Anna May Wong Must Die! by Anna Chen

A 60-minute multimedia-illustrated journey through the life and crimes of Hollywood legend Anna May Wong. Featuring comedy, music and poetry from performer Anna Chen.


Anna May Wong Must Die! is Anna Chen’s one-woman show about Hollywood’s first Chinese movie star.

This personal journey through the life and crimes of Anna May Wong grew from a half-hour programme about the actress, A Celestial Star In Piccadilly, broadcast on BBC Radio 4 in January 2009, written and presented by Anna.

“I discovered her at an early age when, growing up in the far East of London, I was the only Chinese kid in my school. I often wondered where everyone else was who looked like me.

“In the streets, men of a certain vintage would yell, ‘Oy, you! Anna May Wong!’ I thought, ‘Blimey! How do they know my name’s Anna?’ And then I saw her. She was in an old black and white film on the telly. The tall Chinese screen goddess in Shanghai Express, blowing the blonde Teutonic Marlene Dietrich off the screen and blasting her way into my respect

“Up until then, my only role models had been Madam Mao and Imelda Marcos. I didn’t know whether to start a revolution or steal a handbag. Now I could add stabbing villains to my options.”

Part comedy, part social critique, this funny, fascinating look at the movie icon dismantles Chinese stereotypes and reveals the human side of the dragon lady of dragon ladies.

Also available as an Anna May Wong themed evening with an introduction by film historian Jasper Sharp and a screening of Piccadilly, Shanghai Express or Java Head.

Preview at the St Ives Literature Festival, 2009:

At the Roxy Bar in London, introduced by Jasper Sharp:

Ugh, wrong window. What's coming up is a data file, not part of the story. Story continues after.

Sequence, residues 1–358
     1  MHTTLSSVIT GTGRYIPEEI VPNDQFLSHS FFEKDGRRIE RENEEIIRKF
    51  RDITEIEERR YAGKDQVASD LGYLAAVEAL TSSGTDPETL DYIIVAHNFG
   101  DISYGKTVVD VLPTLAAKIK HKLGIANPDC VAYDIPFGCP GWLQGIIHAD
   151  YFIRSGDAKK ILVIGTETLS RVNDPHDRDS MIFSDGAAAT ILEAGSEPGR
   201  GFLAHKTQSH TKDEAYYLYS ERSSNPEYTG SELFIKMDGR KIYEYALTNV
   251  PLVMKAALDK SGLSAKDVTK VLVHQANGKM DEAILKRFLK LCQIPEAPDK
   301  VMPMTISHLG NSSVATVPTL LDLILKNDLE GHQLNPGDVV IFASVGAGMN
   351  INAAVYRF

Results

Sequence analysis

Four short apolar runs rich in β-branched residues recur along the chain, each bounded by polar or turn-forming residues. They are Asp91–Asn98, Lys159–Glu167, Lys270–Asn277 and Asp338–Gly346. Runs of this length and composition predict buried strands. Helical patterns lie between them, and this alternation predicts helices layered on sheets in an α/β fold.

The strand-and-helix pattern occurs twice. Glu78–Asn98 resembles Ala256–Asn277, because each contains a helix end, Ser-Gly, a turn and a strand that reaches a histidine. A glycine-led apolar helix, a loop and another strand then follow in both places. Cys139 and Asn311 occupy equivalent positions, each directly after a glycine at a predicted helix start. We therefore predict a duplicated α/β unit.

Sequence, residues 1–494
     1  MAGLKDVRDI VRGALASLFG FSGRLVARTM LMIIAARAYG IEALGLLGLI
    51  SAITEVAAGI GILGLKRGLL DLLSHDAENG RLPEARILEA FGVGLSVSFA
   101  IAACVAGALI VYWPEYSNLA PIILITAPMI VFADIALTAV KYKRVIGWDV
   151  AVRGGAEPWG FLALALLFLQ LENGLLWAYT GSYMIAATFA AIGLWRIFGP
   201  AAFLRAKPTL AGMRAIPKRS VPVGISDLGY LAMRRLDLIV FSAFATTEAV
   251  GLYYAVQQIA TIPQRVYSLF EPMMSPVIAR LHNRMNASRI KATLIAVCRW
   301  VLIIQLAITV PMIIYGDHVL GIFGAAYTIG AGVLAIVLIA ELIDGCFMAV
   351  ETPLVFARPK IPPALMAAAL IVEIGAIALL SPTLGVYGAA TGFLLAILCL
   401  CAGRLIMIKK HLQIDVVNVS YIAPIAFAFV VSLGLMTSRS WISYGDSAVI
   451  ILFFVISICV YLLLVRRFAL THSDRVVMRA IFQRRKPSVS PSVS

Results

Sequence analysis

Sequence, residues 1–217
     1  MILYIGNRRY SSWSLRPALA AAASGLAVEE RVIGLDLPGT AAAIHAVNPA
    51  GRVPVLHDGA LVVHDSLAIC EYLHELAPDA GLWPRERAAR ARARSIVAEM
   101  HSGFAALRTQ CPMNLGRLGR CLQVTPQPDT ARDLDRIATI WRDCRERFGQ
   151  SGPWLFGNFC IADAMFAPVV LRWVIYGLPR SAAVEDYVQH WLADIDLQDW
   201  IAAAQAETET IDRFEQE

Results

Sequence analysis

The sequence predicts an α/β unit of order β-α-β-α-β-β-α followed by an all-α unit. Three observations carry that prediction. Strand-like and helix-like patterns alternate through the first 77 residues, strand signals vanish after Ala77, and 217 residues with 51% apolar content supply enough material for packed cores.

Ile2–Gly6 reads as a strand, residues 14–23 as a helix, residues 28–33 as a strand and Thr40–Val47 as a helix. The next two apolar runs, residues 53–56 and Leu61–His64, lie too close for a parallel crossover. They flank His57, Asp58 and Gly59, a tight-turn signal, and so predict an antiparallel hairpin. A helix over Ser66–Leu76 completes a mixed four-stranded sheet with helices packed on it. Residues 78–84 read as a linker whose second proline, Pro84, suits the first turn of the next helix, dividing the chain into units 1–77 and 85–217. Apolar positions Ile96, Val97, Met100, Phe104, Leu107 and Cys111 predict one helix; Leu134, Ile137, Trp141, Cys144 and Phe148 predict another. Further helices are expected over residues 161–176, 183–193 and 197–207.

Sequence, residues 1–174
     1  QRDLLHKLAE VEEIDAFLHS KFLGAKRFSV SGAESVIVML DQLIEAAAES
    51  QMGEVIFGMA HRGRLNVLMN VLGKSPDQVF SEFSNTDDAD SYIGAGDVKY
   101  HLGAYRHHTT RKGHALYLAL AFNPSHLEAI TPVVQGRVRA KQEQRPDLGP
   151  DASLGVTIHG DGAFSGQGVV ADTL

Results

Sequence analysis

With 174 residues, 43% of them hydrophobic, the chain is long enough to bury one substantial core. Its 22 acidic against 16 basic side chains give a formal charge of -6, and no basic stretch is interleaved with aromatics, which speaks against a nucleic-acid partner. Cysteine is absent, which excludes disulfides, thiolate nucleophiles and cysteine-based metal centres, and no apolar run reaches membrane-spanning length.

Glamour, sex, beauty, fame – Hollywood legend Anna May Wong had it all. She was the most famous Chinese woman in the world during the 1920s and 30s, and yet she struggled to get decent parts while white actors played the juiciest Chinese roles in “yellowface”.

Born in Los Angeles in 1905, during the height of the Yellow Peril fears about the Chinese, she overcame prejudice and racism enshrined in US law to become Hollywood’s first Chinese screen legend, making more than 60 movies.

Artists painted and sculpted her, photographers immortalised her, composers and songwriters were inspired by her, philosophers wrote of her. And yet she all but disappeared for nearly half a century since her death in 1961 at the early age of 56.

She’s now recognised as the mitochondrial Eve of the Chinese diaspora and is influencing a whole new generation. Who was she? And why do we need her now?


Born in Hackney to a British Chinese father and a British Dagenham mother, Anna was the first British Chinese performer to take her own show to the Edinburgh Fringe Festival with Suzy Wrong — Human Cannon in 1994. She was the first Chinese Brit comedian to appear on British TV in Stewart Lee’s Fist Of Fun on BBC2 in 1996. Since then she has written and presented for BBC radio including: A Life In Flux, a profile of Yoko Ono for Radio 3 (1999); a groundbreaking ten-part series about the Chinese In Britain for Radio 4 (2007); and A Celestial Star In Piccadilly, a profile of Anna May Wong broadcast on Radio 4, 2009. She also writes, produces and presents her arts series for Resonance FM, Madam Miaow’s Culture Lounge. She has performed stand-up and has been known to read her poetry in public.


“Charming, witty and sophisticated … I am entranced, won over.”
The Sunday Times

“Hard hitting and often hilarious … arresting … engrossing and provoking.”
The Scotsman

“… sensitive, intelligent … insistent and illuminating.”
The Herald

“It’s the stuff of brilliant satire … riveting.”
The List

Anna May Wong Must Die! Rap by Anna Chen at the Roxy Bar and Screen in London:

Leave a Reply

Your email address will not be published. Required fields are marked *